Sittin’ In: The Jazz Clubs of the 1940s and 1950s is a treasure trove. Literally. Author Jeff Gold, a former Grammy Award-winning Creative Director, a historian and music memorabilia collector has assembled an astonishing and revelatory book. And, like all treasures, the discovery is half the story. Gold found himself in a closet-size room in a bank with boxes and boxes of photographs and ephemera to sort through. Finding them uniquely evocative of perhaps the greatest era in jazz, he bought them all.
What Gold saw in that bank vault is what you’ll see in this book — and it shows way more than just pictures. Most of the photos “turn the camera around,” Gold writes in his introduction. They show the audience — black, white, men, women — all mingling in some of the coolest clubs ever dreamed up, with some of the greatest musicians in history taking their stages. Billie Holiday onstage at the Famous Door on W. 52nd Street in 1941. Charlie Parker and Miles Davis at the Three Deuces, which shut its doors in 1954. Servicemen and their wives or girlfriends having a drink and enjoying the music and each other’s company. And groups of all colors out on the town, dressed to the nines.
The book documents the clubs, divided by The East Coast, The Midwest, and The West Coast, with short and fascinating vignettes about each, and accompanying photos and swag. And it’s the swag that makes the story. Most clubs had a house photographer who would circulate and take pictures of patrons. The film would be developed and prints made for $1 souvenirs. That’s amazing in and of itself, but the photos would come in photo folders printed with logos, illustrated characters and scenes, or the name of the club in its unique typography. It’s is one of the greatest branding studies I’ve ever seen — and easily the most fun. And while racial acceptance was more the norm, several clubs would feature stereotypical race caricatures of that time period. In fact, The Cotton Club was one such club and was straight-up racist in both its graphics and its policies; it did not admit people of color as patrons, only as musicians or, presumably, “staff.”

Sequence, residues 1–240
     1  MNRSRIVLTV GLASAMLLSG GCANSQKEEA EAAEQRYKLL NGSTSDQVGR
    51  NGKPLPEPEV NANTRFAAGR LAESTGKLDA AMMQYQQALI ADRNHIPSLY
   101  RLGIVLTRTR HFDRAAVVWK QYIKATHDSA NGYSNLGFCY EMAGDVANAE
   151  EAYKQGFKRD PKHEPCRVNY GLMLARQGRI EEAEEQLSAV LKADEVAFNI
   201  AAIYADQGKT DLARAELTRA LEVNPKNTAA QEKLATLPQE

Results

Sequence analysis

Gold interviews several legends in the book. Quincy Jones is quite emphatic on the absence of race issues. In fact, he says “Racism would have been over in the 1950s if they listened to the jazz guys!” Sonny Rollins — who grew up in the Harlem scene — concurs, offering kind words to Blue Note’s Alfred Lions, as well as legendary Chicago mobster and club owner Al Capone!
Seeing these photos and tripping back in time some 75 years ago(!), I can’t help but think the jazz guys were onto something. What they offered was beyond just music, although that was the central element. Jeff Gold has created a book every bit as beautiful, memorable and important as your favorite club or greatest live show memory. It hits all the right notes. And that’s saying something.
You can get a preview of what's in the book at www.sittinin.com.
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